If we fast forward several centuries, the people ruling at the time of Jesus are a sect of Jews known as the Pharisees. They’re highly regarded by the people and have a reputation for holy living. But Jesus exposes them as “white-washed tombs” - men who pervert God’s ways while pretending to be holy. Jesus instructs His disciples to do the opposite of the Pharisees. Jesus’ followers are to be characterized by justice and righteousness, in keeping with Moses’ words in Deuteronomy.

Let’s spend a few minutes examining the text in the Sermon on the Mount as a way to see what righteousness and justice look like when lived out in ordinary human life. Today, we’ll read from Matthew 5:21-24 (NET):

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11-22-2021 4:47 AM

Practice #9 GO DO JUSTICE - Day 1

11-22-2021 4:47 AM
11-22-2021 4:47 AM

This week, we’re in Practice #9: Go Do Justice. God’s righteousness and justice are a major theme in both the Old Testament and the New Testament because they are intrinsic to His own character. God’s people are to show the world who God is by being people characterized by righteous living and a pursuit of justice. In Deuteronomy 16:18-20, Moses instructs the leaders of the twelve tribes to make sure that there is justice at the highest level: “Appoint judges and officials for each of your tribes in every town the Lord your God is giving you, and they shall judge the people fairly. Do not pervert justice or show partiality. Do not accept a bribe, for a bribe blinds the eyes of the wise and twists the words of the innocent. Follow justice and justice alone, so that you may live and possess the land the Lord your God is giving you.”

If we fast forward several centuries, the people ruling at the time of Jesus are a sect of Jews known as the Pharisees. They’re highly regarded by the people and have a reputation for holy living. But Jesus exposes them as “white-washed tombs” - men who pervert God’s ways while pretending to be holy. Jesus instructs His disciples to do the opposite of the Pharisees. Jesus’ followers are to be characterized by justice and righteousness, in keeping with Moses’ words in Deuteronomy.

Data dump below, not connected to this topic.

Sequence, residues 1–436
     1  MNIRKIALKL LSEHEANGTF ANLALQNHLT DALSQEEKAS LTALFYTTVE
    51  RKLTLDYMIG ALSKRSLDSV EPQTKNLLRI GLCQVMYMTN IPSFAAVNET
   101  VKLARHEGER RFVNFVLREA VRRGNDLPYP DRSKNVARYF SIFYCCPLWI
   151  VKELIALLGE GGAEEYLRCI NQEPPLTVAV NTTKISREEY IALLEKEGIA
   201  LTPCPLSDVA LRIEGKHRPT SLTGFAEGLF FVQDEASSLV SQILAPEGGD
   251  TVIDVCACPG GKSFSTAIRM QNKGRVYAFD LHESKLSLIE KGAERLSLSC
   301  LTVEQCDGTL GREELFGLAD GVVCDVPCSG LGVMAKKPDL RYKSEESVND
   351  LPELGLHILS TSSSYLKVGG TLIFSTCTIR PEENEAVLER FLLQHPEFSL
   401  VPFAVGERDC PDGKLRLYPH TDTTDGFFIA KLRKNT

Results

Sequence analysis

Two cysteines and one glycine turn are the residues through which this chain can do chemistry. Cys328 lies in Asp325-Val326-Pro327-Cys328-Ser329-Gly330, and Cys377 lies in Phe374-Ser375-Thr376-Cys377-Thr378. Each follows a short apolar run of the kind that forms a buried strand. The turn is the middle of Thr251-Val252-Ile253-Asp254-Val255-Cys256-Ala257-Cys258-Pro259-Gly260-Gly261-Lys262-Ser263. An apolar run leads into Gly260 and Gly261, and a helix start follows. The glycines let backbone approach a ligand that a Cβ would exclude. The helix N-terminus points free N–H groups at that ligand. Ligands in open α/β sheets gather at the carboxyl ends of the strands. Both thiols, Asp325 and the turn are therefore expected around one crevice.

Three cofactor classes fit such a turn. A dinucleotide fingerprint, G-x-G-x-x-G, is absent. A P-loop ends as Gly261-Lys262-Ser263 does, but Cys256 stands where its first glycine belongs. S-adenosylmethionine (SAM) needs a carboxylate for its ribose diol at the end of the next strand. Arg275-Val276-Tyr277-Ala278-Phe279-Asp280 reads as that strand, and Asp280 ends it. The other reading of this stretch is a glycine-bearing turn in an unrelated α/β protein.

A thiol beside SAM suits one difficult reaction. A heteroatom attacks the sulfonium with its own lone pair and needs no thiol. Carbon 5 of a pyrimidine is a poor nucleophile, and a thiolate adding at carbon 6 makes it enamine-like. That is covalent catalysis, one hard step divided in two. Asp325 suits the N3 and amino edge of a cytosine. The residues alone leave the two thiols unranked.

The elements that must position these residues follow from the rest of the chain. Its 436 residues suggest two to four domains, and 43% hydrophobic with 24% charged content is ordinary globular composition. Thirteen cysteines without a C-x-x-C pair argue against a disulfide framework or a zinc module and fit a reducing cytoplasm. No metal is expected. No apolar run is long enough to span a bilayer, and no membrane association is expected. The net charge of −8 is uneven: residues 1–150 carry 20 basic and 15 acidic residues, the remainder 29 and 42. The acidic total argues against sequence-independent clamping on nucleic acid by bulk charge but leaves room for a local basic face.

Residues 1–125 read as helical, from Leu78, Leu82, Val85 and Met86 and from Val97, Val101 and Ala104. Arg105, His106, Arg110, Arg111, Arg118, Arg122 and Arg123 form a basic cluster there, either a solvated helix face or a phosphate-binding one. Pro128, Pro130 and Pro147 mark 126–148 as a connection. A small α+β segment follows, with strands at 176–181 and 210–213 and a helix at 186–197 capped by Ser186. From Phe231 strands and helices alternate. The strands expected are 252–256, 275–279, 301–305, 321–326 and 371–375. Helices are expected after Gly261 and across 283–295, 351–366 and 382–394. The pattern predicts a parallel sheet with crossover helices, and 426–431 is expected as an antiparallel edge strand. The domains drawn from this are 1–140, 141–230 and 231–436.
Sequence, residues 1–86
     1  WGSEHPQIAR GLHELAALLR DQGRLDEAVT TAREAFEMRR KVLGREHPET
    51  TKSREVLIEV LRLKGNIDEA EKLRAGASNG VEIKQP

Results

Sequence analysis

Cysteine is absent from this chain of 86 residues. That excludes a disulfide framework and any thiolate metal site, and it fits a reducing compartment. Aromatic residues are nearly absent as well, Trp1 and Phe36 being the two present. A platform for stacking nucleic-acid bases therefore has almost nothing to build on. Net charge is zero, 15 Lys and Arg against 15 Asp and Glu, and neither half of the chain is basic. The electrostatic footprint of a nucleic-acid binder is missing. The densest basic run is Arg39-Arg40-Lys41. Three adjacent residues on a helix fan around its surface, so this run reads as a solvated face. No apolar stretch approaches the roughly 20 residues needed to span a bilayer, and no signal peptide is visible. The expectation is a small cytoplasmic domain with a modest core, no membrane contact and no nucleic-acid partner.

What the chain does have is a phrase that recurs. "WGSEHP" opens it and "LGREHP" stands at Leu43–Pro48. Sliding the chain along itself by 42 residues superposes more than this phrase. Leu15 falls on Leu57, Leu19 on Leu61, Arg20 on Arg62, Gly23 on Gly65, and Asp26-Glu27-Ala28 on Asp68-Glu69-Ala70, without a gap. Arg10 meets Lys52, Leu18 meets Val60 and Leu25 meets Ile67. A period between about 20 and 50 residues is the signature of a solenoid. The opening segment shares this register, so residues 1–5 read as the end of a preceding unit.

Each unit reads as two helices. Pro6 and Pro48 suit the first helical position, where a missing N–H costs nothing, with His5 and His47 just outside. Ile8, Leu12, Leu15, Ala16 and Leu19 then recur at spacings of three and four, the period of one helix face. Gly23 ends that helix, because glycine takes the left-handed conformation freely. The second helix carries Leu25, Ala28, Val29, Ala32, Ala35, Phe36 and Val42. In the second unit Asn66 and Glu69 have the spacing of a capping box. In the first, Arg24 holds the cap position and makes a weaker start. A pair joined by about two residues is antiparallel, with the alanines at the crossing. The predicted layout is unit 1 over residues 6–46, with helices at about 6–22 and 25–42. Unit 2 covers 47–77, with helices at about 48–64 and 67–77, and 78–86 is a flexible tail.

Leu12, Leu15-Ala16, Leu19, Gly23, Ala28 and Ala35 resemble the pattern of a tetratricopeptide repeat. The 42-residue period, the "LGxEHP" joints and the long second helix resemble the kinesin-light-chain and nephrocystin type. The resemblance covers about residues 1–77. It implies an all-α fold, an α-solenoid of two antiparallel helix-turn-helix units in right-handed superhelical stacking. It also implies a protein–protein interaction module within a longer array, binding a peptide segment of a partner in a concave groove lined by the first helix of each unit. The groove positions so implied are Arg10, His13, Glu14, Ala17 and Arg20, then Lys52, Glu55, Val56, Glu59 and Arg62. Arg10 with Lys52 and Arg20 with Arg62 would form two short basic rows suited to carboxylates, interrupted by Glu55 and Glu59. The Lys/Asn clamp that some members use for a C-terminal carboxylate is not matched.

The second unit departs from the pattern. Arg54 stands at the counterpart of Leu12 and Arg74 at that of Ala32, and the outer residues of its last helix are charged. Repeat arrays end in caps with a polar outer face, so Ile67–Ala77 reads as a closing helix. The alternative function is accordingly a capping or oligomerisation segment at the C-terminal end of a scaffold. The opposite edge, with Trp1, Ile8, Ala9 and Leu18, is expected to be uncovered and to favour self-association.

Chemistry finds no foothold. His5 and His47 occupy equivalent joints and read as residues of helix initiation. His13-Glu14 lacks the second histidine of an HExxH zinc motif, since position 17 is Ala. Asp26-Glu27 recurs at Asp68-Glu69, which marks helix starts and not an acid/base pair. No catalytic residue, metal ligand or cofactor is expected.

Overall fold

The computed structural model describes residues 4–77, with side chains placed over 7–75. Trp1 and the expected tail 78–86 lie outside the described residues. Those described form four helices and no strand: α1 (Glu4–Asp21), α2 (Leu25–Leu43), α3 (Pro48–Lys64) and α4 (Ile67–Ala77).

Let’s spend a few minutes examining the text in the Sermon on the Mount as a way to see what righteousness and justice look like when lived out in ordinary human life. Today, we’ll read from Matthew 5:3-11 (NET):

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11-21-2021 4:46 AM

Practice #9 GO DO JUSTICE - Discussion Guide for Groups

11-21-2021 4:46 AM
11-21-2021 4:46 AM

The God of the Bible is just, which means he does the right thing in all circumstances. But he does not simply do the right thing, God’s character and actions define what is right. The word for “righteousness” and for “justice” in the New Testament is one and the same. So to act out justice is to 1. Do what is right in God’s eyes, 2. Not do what is wrong in God’s eyes, and 3. Right the wrongs that we see happening around us. But how do we know what is right to do, and what do we do when our definition of justice in a certain circumstance seems to conflict with other Christians’ definitions of justice? Proverbs 28:5 tells us “evil men don’t understand justice, but those who seek the Lord understand it completely.” This does not mean every Christian who is seeking the Lord has a perfect understanding of justice, rather those who have had their mind renewed by God know where to look to understand what is truly right in a given circumstance- we look to God’s revelation throughout Scripture. A great starting point when the waters of justice seem muddy is Proverbs 1:7, which tells us only through a deep, sincere reverence of the Lord can we begin to have any knowledge of what is right. As Christians we must continually grow in our ability to define justice biblically, which means growing in our knowledge of God’s revelation in Scripture, and we must be willing to enter into the often messy and difficult talks about justice in our culture today with reverence toward God first and humility toward others second.